Over the years many automotive historians have acknowledged the role of the Cisitalia 808 but ultimately it failed to meet the strategy originally conceived by Henry Ford II: to mass-produce cars as cheaply as possible. It’s unlikely it could have been mass-produced at all, in fact, as Carlo Dusio was able to commit to only a maximum of 1000 cars a year. Eventually he suggested manufacturing in the US.
At the same time, other executives within Ford were looking at different ways to create a sporty car and, in 1951, its vice president Lewis Crusoe expressed an interest in making such a car after visiting the Paris Auto Salon. With significantly more internal backing than the 808 had ever enjoyed, the design and engineering teams set to work on what was to be revealed in 1954 as the Ford Thunderbird.
Straight away the Cisitalia 808 was relegated in status to a chairmans folly project. While there are many great examples of American-Italian co-operation and success, including the Ford-engined De Tomaso Pantera and the Ghia studio, the 808 was not to feature among them.
It was, however, a perfect marriage of American mechanicals and Italian styling, less a two-seater roadster like the original Thunderbird and more a four-seater luxury sports coupe, as the 1958 Thunderbird subsequently became.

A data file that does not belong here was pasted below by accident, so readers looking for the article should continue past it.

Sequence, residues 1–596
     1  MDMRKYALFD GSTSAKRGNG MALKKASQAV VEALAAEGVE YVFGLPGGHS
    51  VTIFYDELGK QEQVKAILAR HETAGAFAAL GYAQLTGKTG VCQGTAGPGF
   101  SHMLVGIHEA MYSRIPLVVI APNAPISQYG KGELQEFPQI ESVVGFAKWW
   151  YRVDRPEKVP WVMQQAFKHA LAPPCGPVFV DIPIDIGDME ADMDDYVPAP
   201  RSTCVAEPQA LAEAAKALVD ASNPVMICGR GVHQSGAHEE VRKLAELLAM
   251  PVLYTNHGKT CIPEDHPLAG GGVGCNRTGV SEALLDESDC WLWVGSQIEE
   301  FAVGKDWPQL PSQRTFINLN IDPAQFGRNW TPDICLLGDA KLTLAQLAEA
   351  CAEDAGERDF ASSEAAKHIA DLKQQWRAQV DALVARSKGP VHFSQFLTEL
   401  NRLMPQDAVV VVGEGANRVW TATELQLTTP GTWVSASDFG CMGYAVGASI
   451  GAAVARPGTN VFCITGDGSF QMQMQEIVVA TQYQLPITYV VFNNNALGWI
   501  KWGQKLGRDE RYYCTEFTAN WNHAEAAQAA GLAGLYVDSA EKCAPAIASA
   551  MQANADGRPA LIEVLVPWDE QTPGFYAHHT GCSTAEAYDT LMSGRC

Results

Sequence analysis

‘You could certainly call the 808 coupe a sports car. Was it the first mass-produced sports car? No,’ says Jakob. However, it was exactly the kind of car Henry Ford II wanted to produce, with emotive design plus the longdistance comfort and power US customers expected.
‘It feels good to put something together that the collective out there can enjoy years down the road,’ says Jakob. ‘It’s a period piece. It says something about a particular place at a particular time, what human beings were doing there at that time and how this affects us today. The cars that came after it — the T-bird, the Mustang — they affected us, and somehow this is part of that line.’
The Cisitalia 808 was a last attempt to save Cisitalia and to fulfil the dream of both Edsel Ford and his son Henry II, and its restoration ensures that it lives on as a whispered chapter in the history of the Ford Motor Company.
Above Cross-tilting backrest ensures easy rear-seat access but took ingenuity to re-create; coups and roadster are the sole survivors, both owned by the same collector.
‘IT ARRIVED AS A CHASSIS WITH BOXES OF PARTS, BITS OF BODYWORK AND THE ENGINE IN DISARRAY’
TECHNICAL DATA 1953 Cisitalia 808 Coupe
- Engine 3654cc OHV straight-six, Weber 40 carburettors
- Max Power 120bhp @ 4000rpm
- Max Torque 140lb ft @ 3500rpm
- Transmission Three-speed manual, rear-wheel drive
- Steering Worm and roller
- Suspension Front: double wishbones, coil springs, telescopic dampers. Rear: live axle, semi-elliptic leaf springs, telescopic dampers
- Brakes All Drums
- Weight 1180kg
- Top speed 110mph
- 0-60mph 12.0 seconds